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@Test
public void TypeInferenceTest() {
    inference();
    uncheckedAssignment();
    explicit();
}

private void inference() {
    ArrayList<String> strings = new ArrayList<>();
    strings.add("abc");
    String s = strings.get(0);

    assertThat(s, is("abc"));
}

private void uncheckedAssignment() {
    ArrayList<String> strings = new ArrayList();
    strings.add("abc");
    String s = strings.get(0);

    assertThat(s, is("abc"));
}

private void explicit() {
    ArrayList<String> strings = new ArrayList<String>();
    strings.add("abc");
    String s = strings.get(0);

    assertThat(s, is("abc"));
}

The code above used three ways to instantiate a list: type inference, open generic type and closed generic type.

But if I decompile the generated bytecode using JD-GUI, this is the result:

  @Test
  public void TypeInferenceTest() {
    inference();
    uncheckedAssignment();
    explicit();
  }

  private void inference() {
    ArrayList strings = new ArrayList();
    strings.add("abc");
    String s = (String)strings.get(0);

    Assert.assertThat(s, Matchers.is("abc"));
  }

  private void uncheckedAssignment() {
    ArrayList strings = new ArrayList();
    strings.add("abc");
    String s = (String)strings.get(0);

    Assert.assertThat(s, Matchers.is("abc"));
  }

  private void explicit() {
    ArrayList strings = new ArrayList();
    strings.add("abc");
    String s = (String)strings.get(0);

    Assert.assertThat(s, Matchers.is("abc"));
  }

Looks like they generated the same bytebote.

So when and why should we use type inference instead of the other two?

share|improve this question

3 Answers 3

up vote 4 down vote accepted

Others have covered why it generates the same code. So, to answer the actual question - the short answer is to prefer this:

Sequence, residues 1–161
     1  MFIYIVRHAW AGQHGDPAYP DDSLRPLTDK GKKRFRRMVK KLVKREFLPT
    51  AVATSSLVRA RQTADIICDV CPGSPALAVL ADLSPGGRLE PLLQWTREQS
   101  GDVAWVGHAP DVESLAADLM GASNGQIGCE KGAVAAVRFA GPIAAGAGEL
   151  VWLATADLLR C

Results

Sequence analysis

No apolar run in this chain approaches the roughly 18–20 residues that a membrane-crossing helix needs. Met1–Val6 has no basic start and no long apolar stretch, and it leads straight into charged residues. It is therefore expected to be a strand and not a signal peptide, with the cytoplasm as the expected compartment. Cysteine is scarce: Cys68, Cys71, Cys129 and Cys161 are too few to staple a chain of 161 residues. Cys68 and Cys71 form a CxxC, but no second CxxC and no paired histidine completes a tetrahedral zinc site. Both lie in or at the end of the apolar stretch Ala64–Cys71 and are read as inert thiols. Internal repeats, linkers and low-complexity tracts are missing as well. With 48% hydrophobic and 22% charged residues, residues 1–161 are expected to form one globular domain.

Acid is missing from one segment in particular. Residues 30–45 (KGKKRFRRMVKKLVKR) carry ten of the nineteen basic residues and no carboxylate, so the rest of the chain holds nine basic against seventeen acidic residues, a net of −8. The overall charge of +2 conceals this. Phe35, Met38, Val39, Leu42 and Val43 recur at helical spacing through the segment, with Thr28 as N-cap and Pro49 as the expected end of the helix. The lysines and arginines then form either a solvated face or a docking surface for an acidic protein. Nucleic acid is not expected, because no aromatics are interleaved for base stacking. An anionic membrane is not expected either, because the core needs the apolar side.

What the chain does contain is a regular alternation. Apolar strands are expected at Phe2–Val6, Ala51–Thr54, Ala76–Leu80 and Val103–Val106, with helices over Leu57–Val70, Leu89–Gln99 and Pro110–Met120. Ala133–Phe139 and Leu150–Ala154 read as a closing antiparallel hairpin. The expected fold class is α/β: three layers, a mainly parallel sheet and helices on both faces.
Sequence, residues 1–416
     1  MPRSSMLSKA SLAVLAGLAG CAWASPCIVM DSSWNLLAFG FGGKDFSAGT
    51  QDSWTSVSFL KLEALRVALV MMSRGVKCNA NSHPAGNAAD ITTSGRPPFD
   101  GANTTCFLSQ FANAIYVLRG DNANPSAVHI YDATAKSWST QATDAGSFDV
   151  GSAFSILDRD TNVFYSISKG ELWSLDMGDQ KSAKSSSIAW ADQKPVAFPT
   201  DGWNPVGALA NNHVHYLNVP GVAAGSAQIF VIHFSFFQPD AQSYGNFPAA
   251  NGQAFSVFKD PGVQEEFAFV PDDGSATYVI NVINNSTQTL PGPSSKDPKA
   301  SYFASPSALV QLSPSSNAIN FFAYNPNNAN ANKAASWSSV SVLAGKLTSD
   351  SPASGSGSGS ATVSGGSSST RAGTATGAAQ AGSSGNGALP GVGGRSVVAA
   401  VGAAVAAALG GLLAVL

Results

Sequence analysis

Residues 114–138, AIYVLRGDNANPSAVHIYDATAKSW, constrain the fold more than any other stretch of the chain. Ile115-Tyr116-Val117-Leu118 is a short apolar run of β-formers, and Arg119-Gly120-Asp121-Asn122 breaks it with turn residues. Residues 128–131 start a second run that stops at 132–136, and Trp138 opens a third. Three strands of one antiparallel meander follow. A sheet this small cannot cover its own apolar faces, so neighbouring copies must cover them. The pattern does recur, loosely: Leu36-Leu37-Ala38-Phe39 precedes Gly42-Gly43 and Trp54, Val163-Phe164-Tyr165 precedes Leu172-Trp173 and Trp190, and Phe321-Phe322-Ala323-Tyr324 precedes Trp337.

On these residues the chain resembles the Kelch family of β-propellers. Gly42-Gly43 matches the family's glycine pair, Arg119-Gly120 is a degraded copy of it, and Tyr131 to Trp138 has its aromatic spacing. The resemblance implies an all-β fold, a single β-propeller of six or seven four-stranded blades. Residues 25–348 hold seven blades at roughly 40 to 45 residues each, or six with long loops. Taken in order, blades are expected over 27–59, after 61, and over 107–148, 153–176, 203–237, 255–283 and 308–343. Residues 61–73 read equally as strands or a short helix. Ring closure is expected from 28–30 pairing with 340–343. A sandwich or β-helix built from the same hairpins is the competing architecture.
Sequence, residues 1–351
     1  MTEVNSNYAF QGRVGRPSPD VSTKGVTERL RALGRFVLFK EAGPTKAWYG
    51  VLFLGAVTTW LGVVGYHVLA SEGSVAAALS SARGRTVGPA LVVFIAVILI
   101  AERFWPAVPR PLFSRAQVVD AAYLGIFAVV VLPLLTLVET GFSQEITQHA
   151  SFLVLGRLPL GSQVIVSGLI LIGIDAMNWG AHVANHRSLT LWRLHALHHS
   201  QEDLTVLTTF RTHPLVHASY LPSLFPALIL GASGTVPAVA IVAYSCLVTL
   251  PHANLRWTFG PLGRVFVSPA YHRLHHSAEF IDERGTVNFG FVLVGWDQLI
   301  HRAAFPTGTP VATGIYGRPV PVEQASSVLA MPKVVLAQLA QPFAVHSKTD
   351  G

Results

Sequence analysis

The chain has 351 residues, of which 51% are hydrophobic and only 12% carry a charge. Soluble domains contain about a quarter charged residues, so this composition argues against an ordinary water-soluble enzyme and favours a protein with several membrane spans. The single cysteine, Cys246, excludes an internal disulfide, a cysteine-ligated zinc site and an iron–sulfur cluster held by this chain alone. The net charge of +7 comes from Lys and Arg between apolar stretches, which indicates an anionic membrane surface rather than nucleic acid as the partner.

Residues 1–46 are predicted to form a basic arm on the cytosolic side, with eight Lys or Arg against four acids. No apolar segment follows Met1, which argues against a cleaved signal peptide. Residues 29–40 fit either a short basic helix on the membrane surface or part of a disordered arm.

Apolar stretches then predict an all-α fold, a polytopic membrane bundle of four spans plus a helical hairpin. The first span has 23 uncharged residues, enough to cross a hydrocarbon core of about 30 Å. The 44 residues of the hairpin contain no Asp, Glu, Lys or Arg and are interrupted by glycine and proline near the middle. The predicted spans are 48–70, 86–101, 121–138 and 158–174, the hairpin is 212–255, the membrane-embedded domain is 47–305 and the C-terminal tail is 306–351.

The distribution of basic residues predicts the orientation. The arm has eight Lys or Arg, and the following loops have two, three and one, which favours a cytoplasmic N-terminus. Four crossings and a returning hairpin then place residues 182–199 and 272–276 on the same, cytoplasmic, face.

ArrayList<String> strings = new ArrayList<>();

Because it's briefer than this, while conveying the same meaning (to humans and to the compiler):

   ArrayList<String> strings = new ArrayList<String>();

But avoids unnecessarily causing a warning like this:

   ArrayList<String> strings = new ArrayList();

As for being briefer, this:

   ArrayList<String> strings = new ArrayList<String>();

Isn't that bad, and there's no real harm in typing it out (after all, we've all been doing it for years). But if you wind up writing something like:

   Map<String, Map<Widget<Spork>, Bar<Llama>>> myMap = new HashMap<>();

It becomes far more tedious if you have to type this twice:

<String, Map<Widget<Spork>, Bar<Llama>>>
share|improve this answer
    
+1 for llama bars :) –  Paul Bellora Jun 9 '13 at 5:48

The type inference is just a shortcut for an unnecessarily long way of instantiating paremeterized types. Generics are still implemented by type-erasure, so your bytecode will only have the raw types.

share|improve this answer
    
This doesn't really answer the question. –  Paul Bellora Jun 9 '13 at 5:11
    
I beg to differ. Type inference is just shortcut; if your bytecode doesn't have type info, your decompiled code will reflect that. So, making the, now easy to see, point that it makes not difference between 1 and 2. –  Tees Maar Khan Jun 9 '13 at 7:02

As your example demonstrates, Java generics are implemented by type erasure and generic code is no different from non-generic code at runtime. This makes generics purely a compile-time feature - added type safety for the benefit of the developer.

In the case of your example, there's really no difference between new ArrayList(), new ArrayList<String>(), and new ArrayList<>() - all that matters is the type of the variable it gets assigned to. Using new ArrayList() is still discouraged because it looks like legacy code and may confuse another developer. It will cause compilers/IDEs to show the standard "raw types" warning and is therefore distracting. But that's it, for a no-arg constructor at least.

However, providing a type argument or using type inference really is important for any constructor that takes generic arguments. Consider this example:

Collection<Integer> ints = Arrays.asList(1, 2, 3);

List<String> strings1 = new ArrayList(ints);         // compiles!
List<String> strings2 = new ArrayList<String>(ints); // won't compile
List<String> strings3 = new ArrayList<>(ints);       // won't compile

As for why to use new ArrayList<>(ints) over new ArrayList<String>(ints), well, it's less verbose and avoids repeating the generic type already specified in the variable being assigned to.

share|improve this answer
    
@downvoter Care to explain? –  Paul Bellora Jun 9 '13 at 5:55

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